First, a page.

Thursday, May 11th
“I’m an emotional recluse,” Julian Dupart remembered telling Ian Chase. His heart had
remained in the stunning ivory casket.
Resurrection vines crawled along the sprawling oak branches, forming a canopy above the Passebon family crypt. Julian approached, each step feeling heavier than the last. Carrying a large bouquet of white magnolias, he made his way to a stone bench.
“Bonjour, Chérie. Happy Birthday. I brought your favorites.” The fragrant flowers rested beneath the name Delphine Passebon Dupart. Julian's hand moved in the sign of the cross, and he bowed his head in prayer. Inhaling, he said, “I have a new duty station. Ian is sending me to San Diego.”
A memory of a conversation from 1994 floated in on the Louisiana mist.
“Chérie, we’re going to San Diego.” He picked Delphine up and swung her around.
“I’m so proud of you, Julian. A SEAL.” Delphine
peppered his face with kisses. “Just know, I’m going to exter‐ minate those toad women.” She brandished her protective claws in reference to the women who chased Navy SEALs.
“Toad women? Chérie, they’re frog hogs. And you, Mrs. Dupart, will be my only one.” Giggles fell from her lips as he tossed her over his shoulder and headed toward their bedroom.
At the gravesite, the humid Louisiana air weighed him down. “Chérie, this is a big move. I’ll be the second-in- command of the entire San Diego branch. Del, I don’t know if I can do this without you,” his Cajun-accented voice cracked.
“Jul-i-an?” a familiar voice called his name. A man and woman Julian had avoided for the last five years joined him. “Mère Genevieve and Père Marcel, bonjour,” Julian said, his body stiff as his in-laws enveloped him in a hug.
Genevieve Passebon stepped back and took Julian’s face between her hands. “We’ve missed you. You look well.”
“Genevieve, let him be. Julian, we brought a picnic; eat with us.” Marcel pointed to the bench Julian vacated. “It’s good to see you.”
He nodded and sat. Julian stammered, “I’m sorry, I…” “There is nothing to apologize for. You are a very good man who loved our daughter in health and sickness. You never left her side. Pain runs through the heart like no other sense, but, Julian, the heart is one of our body’s miracles that can grow fresh circulation.” Doctor Marcel Passebon rubbed his own chest.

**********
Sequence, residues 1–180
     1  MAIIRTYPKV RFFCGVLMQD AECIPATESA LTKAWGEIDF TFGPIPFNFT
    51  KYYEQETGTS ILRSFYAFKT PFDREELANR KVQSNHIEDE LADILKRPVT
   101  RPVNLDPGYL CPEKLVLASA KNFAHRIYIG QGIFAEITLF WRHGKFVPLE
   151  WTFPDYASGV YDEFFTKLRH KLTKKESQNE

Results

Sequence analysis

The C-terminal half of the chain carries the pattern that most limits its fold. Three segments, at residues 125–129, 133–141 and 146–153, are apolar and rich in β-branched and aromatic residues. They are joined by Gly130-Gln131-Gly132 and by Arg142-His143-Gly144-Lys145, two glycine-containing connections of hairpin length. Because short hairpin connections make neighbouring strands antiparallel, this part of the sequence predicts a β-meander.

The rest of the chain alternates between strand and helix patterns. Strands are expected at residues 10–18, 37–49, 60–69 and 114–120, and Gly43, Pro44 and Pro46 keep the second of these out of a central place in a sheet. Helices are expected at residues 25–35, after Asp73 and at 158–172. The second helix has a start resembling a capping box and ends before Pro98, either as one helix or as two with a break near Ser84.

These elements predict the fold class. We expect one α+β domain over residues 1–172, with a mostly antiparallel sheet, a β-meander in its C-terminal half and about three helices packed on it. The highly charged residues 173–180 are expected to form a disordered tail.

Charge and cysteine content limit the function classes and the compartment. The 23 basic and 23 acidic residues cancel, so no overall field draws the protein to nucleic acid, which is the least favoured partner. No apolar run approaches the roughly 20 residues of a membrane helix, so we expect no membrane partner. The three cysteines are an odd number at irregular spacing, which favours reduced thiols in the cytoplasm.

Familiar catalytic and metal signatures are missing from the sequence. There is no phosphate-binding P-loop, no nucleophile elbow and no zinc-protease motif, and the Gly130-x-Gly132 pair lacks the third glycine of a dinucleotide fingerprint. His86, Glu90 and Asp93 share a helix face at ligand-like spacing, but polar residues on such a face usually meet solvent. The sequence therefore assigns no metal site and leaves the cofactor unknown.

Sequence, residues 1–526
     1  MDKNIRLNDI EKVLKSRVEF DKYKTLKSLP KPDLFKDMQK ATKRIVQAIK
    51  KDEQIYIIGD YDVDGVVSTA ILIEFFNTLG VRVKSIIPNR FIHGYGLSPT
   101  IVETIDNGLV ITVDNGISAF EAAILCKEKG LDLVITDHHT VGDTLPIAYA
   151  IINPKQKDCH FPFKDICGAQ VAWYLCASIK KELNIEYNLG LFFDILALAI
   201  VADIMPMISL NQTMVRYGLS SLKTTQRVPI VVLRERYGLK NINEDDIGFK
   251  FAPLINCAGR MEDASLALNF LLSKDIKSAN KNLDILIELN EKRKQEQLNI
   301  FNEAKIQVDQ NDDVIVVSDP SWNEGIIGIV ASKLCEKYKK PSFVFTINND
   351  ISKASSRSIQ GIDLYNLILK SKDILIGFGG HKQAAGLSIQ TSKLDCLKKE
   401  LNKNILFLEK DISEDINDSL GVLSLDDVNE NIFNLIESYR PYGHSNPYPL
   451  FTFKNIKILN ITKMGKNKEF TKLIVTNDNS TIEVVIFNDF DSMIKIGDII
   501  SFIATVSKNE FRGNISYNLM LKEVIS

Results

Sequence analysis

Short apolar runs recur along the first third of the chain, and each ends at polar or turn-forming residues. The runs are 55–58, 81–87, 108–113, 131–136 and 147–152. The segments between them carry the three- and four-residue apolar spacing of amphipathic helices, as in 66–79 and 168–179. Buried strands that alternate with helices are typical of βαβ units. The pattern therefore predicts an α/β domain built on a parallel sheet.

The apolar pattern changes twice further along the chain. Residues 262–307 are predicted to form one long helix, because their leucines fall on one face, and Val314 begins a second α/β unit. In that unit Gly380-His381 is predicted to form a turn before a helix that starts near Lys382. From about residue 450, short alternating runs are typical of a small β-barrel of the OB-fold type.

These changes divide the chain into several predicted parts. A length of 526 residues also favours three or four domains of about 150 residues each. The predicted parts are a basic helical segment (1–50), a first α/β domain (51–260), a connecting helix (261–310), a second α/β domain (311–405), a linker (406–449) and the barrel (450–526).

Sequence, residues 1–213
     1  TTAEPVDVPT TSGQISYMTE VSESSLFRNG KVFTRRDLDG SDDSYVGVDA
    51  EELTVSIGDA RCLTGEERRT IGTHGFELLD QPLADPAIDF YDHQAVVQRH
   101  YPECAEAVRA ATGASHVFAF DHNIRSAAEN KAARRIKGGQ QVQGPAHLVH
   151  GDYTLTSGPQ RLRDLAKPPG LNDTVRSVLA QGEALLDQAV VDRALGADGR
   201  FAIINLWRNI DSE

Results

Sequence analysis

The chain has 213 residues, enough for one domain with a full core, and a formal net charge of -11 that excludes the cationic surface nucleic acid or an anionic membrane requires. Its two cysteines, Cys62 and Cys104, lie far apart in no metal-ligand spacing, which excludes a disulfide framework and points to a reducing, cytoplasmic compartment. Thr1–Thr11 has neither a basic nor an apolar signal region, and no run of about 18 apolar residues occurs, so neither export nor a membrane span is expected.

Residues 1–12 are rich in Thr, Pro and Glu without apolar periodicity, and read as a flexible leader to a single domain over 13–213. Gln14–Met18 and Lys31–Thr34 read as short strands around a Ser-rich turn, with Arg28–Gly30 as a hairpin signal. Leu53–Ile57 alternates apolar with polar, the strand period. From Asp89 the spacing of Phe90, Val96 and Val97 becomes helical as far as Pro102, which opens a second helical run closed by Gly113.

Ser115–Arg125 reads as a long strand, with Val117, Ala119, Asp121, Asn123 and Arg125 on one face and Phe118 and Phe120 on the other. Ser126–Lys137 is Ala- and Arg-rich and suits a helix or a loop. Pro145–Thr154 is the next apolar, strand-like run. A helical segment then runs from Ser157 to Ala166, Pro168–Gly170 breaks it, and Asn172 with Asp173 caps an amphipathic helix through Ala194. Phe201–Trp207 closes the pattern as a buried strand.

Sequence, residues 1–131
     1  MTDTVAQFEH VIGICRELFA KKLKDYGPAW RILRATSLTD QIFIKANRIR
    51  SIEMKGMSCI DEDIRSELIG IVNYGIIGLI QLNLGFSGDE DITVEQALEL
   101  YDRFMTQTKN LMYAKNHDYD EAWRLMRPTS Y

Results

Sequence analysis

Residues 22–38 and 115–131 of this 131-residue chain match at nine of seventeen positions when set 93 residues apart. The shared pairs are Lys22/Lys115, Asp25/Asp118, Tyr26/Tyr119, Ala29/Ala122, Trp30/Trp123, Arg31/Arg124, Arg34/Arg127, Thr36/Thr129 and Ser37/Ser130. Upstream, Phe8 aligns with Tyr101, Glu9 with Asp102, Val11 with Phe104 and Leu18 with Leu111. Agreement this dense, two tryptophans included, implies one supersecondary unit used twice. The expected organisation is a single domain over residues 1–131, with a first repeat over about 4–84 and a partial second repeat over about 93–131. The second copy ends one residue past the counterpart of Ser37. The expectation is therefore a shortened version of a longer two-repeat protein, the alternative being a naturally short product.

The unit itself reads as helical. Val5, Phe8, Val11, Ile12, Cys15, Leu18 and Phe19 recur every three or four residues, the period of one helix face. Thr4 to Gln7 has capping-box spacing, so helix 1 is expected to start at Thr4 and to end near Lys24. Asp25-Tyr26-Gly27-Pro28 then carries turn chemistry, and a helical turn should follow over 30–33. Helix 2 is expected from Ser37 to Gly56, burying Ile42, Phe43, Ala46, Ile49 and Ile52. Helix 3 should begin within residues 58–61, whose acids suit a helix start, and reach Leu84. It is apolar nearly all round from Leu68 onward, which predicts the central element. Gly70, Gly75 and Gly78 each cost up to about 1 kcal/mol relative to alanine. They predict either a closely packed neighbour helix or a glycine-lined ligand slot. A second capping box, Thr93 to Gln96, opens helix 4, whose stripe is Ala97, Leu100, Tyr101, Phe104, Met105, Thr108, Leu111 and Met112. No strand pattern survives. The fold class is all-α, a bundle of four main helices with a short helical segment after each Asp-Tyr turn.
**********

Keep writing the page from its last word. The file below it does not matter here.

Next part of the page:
“Delphine, shake some life back into this man.” Genevieve knelt before her daughter’s grave. “Now we eat.” Julian chuckled at his mother-in-law’s familiar refrain. She said it to him every time he returned home from a deployment. Control over his strained emotions was fraying. “There are three sandwiches inside the picnic basket. Were you expecting someone else?”
“No, we knew you would be here. You have not missed a birthday. We watched and let you be.” Genevieve’s lips turned up. “Delphine wants you to know it is time.” Genevieve Passebon was a medical doctor, but she grew up in the deep backwaters of Louisiana, where she was raised as a faith healer or traiteuse. Delphine had also embraced those beliefs.
The heaviness that had rested for five years beneath his breastbone lightened a bit. “My mom keeps me updated on everyone. Are you two going to slow down?” Julian sipped from a bottle of water.
“Marcel retired from the hospital, and now he works with me at the community wellness center too.”
Julian’s father-in-law’s hair had whitened, and there were dark circles beneath his eyes. “What is new in your life?”
The afternoon went fast. Delphine’s parents and he included Delphine in their conversation as if she were present, and as the sun began to set, they packed up their picnic. Julian was the last to walk away from the grave. “Je t’aime, ma Chérie.”
As they reached the parking lot, Genevieve turned and placed her weathered hands over Julian’s heart. “Jul-i-an, open your heart. There is room to love again.”
Julian hugged his in-laws and promised to stay in touch.
Maybe he would succeed this time.
Thursday, May 25th - Washington DC
Julian’s doorbell rang. “Come in.” He zipped his suitcase closed.
“You do realize I could be a mass murderer?” Martin “Farmer” Bailey teased his friend.
“And you would be dead.” A MK-25 rested in his hand. “I thought I’d be getting a driver.”
“What do I look like?” Martin dangled keys in his hand. “It’s not usual for the CEO of a company to drive a subordinate,” Julian joked as he dragged his bag off the table. “You take this one, and I’ll grab the other two.”
As he locked the door, a memory of a different knock on the door crossed his mind. From the first time they met at a FOB in Iraq, Martin Bailey became a trusted friend. Under a billion-dollar restructure of the Chase Group, Chase Security would now be its own company, branded under the name Chase Security International, with Martin named as the new CEO and Julian promoted to the Deputy Executive Director of CSI-San Diego.
Copyright © R.L. Dunn